Life in the field is very different than back at garrison. Garrison is (fairly) predictable. Wake up at 0500. PT formation at 0550. Motor pool Monday, meetings on Tuesday, maybe a Soldier lunch on Wednesday, sergeants-time training on Thursday, reports due on Friday. I try to be home by 1900, it doesn't always happen. Of course there's a lot more details, but point being, it's fairly predictable. It's also fast-paced. I often feel like I am rushing around every day trying to keep up with requirements, Soldier needs, events, and meetings. However, things are quite different in the field.
For me, time slows down in a field environment. No one is going home at the end of the shift, so no need to rush. Chaplaincy includes religious support in an operational environment. That means we must know where our troops are located, what they are doing, and circulate in order to provide for their needs. At my first duty station in WA, my chaplain assistant and I once spent over 40 hours in our HMMWV at the Yakima Training Center in a three-week period. Sometimes we found our people, sometimes we got ourselves lost. Lessons learned. On another occasion I jumped in a large vehicle (called an LMTV) with a First Sergeant to deliver chow. It was cold, dark, and so foggy we couldn't see much at all. But Top knew where he was going and hot chow is always a welcoming sight to Soldiers. No time to keep track of. In fact, nothing but time.
The field can also bring additional challenges when moving from place to place. On numerous occasions we drove in blackout conditions. For training purposes, no lights at all, sometimes for many hours at a time. How is this done? We attach a device called NODS to the front of our helmet (AKA: ACH) and are able to see a small circle of green infrared through it. Through it the driver can just make out the infrared strips on the back of the truck in front of them. (Side note: the stars look AMAZING with this device.) This is what you might call night-vision. It works, but it takes some getting used to and gets heavy after a while. Unit Ministry Teams must be able to adapt to the environment and use this type of equipment along with everyone else.
The field is also an opportunity to engage with more Soldiers and I find it easier to get a pulse on what is happening across the formation, both good and not so good. Since no one has anywhere else to go, my counseling conversations usually increase. People open up more about their struggles, which are often more than difficult. I find that I appreciate people so much more when I know the hardship they are wrestling with.
If I'm fortunate, there's a chapel or a building we can use as a chapel. This affords some level of privacy for counseling and a dedicated place for worship services and Bible studies. Whenever possible, I also sleep in the chapel. As an introvert, I need any time alone I can find to recharge my batteries. Since there is very little privacy in the field, the chapel can be that place.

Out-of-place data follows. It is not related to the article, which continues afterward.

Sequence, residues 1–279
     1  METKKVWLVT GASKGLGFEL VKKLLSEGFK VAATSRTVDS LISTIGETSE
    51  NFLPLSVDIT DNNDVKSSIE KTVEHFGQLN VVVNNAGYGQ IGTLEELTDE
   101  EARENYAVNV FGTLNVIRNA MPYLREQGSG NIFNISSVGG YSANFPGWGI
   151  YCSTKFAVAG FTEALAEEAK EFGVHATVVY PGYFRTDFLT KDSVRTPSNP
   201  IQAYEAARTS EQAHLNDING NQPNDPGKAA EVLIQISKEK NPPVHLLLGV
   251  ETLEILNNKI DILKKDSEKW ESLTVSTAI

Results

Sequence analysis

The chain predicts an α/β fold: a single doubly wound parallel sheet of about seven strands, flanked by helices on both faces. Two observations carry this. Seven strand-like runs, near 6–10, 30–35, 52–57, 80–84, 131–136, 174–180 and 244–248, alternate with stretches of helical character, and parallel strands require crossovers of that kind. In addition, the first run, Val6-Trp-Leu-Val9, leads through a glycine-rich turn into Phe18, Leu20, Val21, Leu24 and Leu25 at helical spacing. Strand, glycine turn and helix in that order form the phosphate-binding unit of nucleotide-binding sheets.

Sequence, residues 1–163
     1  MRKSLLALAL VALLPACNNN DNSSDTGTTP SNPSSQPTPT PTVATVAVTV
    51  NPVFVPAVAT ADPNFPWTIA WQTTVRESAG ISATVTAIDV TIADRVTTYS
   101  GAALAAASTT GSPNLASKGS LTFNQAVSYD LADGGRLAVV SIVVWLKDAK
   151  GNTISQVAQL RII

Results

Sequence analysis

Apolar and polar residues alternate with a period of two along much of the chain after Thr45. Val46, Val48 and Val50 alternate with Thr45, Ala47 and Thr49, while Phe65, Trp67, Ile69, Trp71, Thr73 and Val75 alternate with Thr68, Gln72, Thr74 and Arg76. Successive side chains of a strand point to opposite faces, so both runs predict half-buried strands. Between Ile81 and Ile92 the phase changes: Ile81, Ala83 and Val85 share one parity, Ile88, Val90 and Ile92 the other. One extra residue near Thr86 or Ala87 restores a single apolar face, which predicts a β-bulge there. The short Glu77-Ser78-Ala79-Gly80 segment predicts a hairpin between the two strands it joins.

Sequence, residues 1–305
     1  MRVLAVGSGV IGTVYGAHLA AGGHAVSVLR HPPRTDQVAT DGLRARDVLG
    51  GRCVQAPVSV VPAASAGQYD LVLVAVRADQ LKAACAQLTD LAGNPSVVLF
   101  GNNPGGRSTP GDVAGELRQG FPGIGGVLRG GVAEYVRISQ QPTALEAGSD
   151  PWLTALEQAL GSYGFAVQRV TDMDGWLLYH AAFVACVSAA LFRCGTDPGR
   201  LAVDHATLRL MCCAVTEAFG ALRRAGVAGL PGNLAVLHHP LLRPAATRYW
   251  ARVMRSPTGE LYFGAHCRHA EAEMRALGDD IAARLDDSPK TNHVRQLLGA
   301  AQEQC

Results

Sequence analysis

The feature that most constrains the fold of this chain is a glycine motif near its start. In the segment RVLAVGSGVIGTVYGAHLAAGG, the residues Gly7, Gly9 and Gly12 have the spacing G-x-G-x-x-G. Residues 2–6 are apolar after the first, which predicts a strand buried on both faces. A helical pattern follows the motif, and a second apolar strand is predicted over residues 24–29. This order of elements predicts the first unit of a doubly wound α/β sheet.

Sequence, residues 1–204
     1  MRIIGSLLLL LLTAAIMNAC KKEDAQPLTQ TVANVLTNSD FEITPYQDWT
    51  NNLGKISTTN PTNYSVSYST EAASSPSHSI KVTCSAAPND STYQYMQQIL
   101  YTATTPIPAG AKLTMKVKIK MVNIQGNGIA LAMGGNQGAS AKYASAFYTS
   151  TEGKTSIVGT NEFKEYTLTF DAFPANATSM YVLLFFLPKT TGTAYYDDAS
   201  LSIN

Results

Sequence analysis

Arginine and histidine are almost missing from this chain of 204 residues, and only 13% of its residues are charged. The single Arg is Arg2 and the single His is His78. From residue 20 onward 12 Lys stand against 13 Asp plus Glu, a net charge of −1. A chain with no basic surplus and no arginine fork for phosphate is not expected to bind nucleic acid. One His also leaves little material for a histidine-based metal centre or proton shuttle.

One final story. On a month-long mission at Ft. Hunter-Ligget, CA I had been up all day, all night, and all day. I finally got back to my area and was trying to figure out how to get some sleep in the back of a medical Stryker. It was full of equipment and just about the time I found a less than decent sleeping position I heard a simulated mortar round and then an observer-controller opened the hatch and gave me a casualty card. Well, looks like I'm not going to sleep anytime soon. So I was up all night again moving from the initial treatment area to higher levels of medical care. After a few hours I finally landed in a casualty collection area where many Soldiers, also simulated casualties, waited to get picked up by their units and returned to the fight. I laid down on the freezing ground, right next to someone snoring very loudly. I am a super-light sleeper in any circumstance, so I had almost no sleep for two days or nights. Even when it started to get light it was still freezing cold. I had bundled up quite a bit, but a Soldier near me couldn't say the same. He had nothing but his uniform and a sorry little thin emergency "blanket" which wasn't much more than tin foil. He still shivered in the early morning light. I was freezing as well, and due to my level of exhaustion I struggled with even caring about his condition. I was bundled in layers and had more than my share of cold weather gear. In my mind I knew what I should do. But my body and emotions did not exactly agree with my mind. After walking around for around half an hour or so, I finally gave in to what I knew to be right and gave him my wool blanket. He was quite appreciative, but I was embarrassed that this chaplain had failed to immediately help a young Soldier in need. After I recovered from that long, cold, and exhausting experience, I determined I would do better given another opportunity. It didn't take long and in just another day or two I got my wish. It was another cold night and a large group of my infantry Soldiers were going to sleep on the ground. I saw many who could use another layer, so I farmed out every piece of cold weather gear I had packed in my duffel bags to about a dozen Soldiers. I didn't feel like I had done anything special, just the bare minimum of what Soldiers should expect from their chaplain. I learned that the field environment can wear down your mind and body. So I have to be on guard for that. It also helps me remember why I do what I do...and it's not about me.